White supremacist violence is a dangerous symptom. But our corrupted and corroded public life is the disease
Whenever American civil society has been under great stress, if not indeed falling apart, self-appointed champions of conventional wisdom and traditional values have ginned up public paroxysms of alarm and rage at internal enemies who politicians, propagandists, and pundits leap to blame for the crisis.
In the 1690s, it was witches — hysterical women and girls whom Puritans said had been taken by Satan. In the 1840s, it was Catholic immigrants, whom Republicans in the 1884 presidential campaign said were besotted with “rum, Romanism, and rebellion.” In every decade before and since then, it has been black people, often represented as dangerous, feral beasts. In the 1920s, it was anarchists, Reds and pushy Hebrews. In the 1950s, it was American Communist spies for Stalin, the Satan of that time. In the 1960s, it was hippies, riotous blacks and traitorous opponents of the Vietnam War. Since 9/11, it has been Muslim terrorists and, in 2003, it was Saddam Hussein’s (imaginary) weapons of mass destruction and American critics of the Iraq war. In 2015, it was coddled, petulant college students, campus counselors, who, we’ve been told, are out to silence and punish anyone whose exercise of freedoms of inquiry and expression frightens or angers them. Now, it’s the white supremacist terror network.
The targeted groups usually contain real dangers which are always blown way out of proportion, the crusaders against them usually compounding the civic crises they claim to be preventing. What they usually end up proving is that many Americans will do almost anything but challenge the far-more subtle, pervasive and decisive enemy that’s riding our routine submission to and complicity with the most decisive cause of our civic implosion. It’s as if we’d rather stampede away from facing the harsh truth and fall into obdurate, enveloping silence about it.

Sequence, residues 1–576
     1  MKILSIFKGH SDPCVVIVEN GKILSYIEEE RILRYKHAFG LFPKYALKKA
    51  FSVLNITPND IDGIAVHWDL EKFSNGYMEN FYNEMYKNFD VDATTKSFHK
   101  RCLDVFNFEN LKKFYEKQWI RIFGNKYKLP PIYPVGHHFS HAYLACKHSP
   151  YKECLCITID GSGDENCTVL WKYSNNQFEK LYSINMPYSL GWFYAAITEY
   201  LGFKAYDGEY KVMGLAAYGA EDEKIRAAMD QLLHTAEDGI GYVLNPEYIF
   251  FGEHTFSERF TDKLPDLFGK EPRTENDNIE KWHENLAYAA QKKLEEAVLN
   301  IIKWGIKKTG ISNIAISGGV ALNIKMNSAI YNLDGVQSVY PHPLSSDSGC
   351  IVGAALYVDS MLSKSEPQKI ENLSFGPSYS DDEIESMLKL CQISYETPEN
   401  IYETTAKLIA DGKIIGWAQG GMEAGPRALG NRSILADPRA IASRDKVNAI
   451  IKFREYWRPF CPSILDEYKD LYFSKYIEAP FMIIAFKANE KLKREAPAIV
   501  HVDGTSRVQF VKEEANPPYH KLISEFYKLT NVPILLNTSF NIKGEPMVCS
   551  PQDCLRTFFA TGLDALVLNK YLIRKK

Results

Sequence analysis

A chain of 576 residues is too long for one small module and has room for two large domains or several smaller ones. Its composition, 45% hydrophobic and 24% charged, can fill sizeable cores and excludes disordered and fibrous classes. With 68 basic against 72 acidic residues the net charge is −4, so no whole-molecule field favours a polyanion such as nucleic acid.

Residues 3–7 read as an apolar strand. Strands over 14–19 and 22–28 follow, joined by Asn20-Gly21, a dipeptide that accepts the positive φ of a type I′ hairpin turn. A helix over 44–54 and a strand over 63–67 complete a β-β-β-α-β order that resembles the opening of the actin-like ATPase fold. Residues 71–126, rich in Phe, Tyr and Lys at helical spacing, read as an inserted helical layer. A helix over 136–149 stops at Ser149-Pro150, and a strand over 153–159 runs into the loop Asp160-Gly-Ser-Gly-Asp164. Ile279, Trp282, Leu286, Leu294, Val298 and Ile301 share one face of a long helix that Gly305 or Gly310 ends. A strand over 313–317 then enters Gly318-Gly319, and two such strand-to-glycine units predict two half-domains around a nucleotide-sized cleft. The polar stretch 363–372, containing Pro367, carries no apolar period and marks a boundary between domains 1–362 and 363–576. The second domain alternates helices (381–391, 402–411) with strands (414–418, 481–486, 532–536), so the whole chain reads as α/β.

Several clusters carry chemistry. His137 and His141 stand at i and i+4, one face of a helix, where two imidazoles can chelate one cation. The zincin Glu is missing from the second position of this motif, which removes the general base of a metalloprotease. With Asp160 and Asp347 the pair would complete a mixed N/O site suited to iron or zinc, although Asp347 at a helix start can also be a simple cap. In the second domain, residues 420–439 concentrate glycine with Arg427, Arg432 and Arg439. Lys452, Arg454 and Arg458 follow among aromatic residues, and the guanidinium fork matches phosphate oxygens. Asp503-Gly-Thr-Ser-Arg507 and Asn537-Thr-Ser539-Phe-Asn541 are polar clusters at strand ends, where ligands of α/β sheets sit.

Today’s very real emergency of gruesome, accelerating, nationally humiliating massacres of Americans in our workplaces, markets, schools and other public places is driving many to target a white supremacist terror network that is dangerous and terrifying — but is more a carrier than a cause of the crisis. For every white supremacist who’s opened fire in 250 recent mass shootings, other white shooters have targeted mainly other whites — school children in Connecticut, concertgoers in Las Vegas, church congregants in Texas and beyond.
Similarly, for every mentally ill shooter like Jared Loughner, the paranoid schizophrenic who shot Rep. Gabrielle Giffords and killed six people in 2011, most other mass shooters are no more “insane” than President Trump, who, while a candidate in 2016, boasted, “I could stand in the middle of Fifth Avenue and shoot somebody and I wouldn’t lose any voters, OK?” Carrier and casualty though Trump certainly is of the scourges of white supremacy, gun madness, drug abuse, impulsive self-interest, and — as we see at any of his rallies — a deranging variant of political correctness, all these plagues antedated him and helped elevate him to the White House. He is only returning the favor by accelerating what was already torrential in our civic implosion.